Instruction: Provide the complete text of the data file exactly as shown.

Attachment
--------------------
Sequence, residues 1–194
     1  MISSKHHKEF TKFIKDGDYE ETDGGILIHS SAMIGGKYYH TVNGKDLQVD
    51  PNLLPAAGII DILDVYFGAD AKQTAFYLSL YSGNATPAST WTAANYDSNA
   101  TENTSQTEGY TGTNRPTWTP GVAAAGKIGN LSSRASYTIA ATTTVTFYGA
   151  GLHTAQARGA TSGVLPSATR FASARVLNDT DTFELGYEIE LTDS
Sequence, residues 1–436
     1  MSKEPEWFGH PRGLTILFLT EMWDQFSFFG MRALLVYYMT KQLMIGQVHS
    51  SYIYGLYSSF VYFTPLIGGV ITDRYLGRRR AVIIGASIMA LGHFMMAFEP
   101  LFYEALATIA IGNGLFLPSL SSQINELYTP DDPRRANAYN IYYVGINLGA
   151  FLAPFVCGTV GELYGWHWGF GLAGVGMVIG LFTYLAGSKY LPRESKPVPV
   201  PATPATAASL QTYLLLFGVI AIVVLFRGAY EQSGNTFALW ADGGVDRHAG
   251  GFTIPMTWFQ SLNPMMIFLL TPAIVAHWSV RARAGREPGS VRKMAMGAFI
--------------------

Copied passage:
Sequence, residues 1–194
     1  MISSKHHKEF TKFIKDGDYE ETDGGILIHS SAMIGGKYYH TVNGKDLQVD
    51  PNLLPAAGII DILDVYFGAD AKQTAFYLSL YSGNATPAST WTAANYDSNA
   101  TENTSQTEGY TGTNRPTWTP GVAAAGKIGN LSSRASYTIA ATTTVTFYGA
   151  GLHTAQARGA TSGVLPSATR FASARVLNDT DTFELGYEIE LTDS
Sequence, residues 1–436
     1  MSKEPEWFGH PRGLTILFLT EMWDQFSFFG MRALLVYYMT KQLMIGQVHS
    51  SYIYGLYSSF VYFTPLIGGV ITDRYLGRRR AVIIGASIMA LGHFMMAFEP
   101  LFYEALATIA IGNGLFLPSL SSQINELYTP DDPRRANAYN IYYVGINLGA
   151  FLAPFVCGTV GELYGWHWGF GLAGVGMVIG LFTYLAGSKY LPRESKPVPV
   201  PATPATAASL QTYLLLFGVI AIVVLFRGAY EQSGNTFALW ADGGVDRHAG
   251  GFTIPMTWFQ SLNPMMIFLL TPAIVAHWSV RARAGREPGS VRKMAMGAFI